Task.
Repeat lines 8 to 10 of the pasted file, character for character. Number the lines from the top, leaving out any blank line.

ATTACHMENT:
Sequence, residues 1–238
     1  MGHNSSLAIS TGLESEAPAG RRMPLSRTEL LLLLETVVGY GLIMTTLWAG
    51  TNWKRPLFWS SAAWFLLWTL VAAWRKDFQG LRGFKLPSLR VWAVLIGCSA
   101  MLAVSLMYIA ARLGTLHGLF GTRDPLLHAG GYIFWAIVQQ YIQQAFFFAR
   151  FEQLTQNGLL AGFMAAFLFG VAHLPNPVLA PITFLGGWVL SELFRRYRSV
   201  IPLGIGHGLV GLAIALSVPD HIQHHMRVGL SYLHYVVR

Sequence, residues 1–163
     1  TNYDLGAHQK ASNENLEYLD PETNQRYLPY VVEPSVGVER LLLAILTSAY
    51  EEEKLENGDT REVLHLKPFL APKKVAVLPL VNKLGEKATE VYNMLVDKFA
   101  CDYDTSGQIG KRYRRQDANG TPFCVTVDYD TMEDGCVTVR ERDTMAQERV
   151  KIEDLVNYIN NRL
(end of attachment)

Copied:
     1  TNYDLGAHQK ASNENLEYLD PETNQRYLPY VVEPSVGVER LLLAILTSAY
    51  EEEKLENGDT REVLHLKPFL APKKVAVLPL VNKLGEKATE VYNMLVDKFA
   101  CDYDTSGQIG KRYRRQDANG TPFCVTVDYD TMEDGCVTVR ERDTMAQERV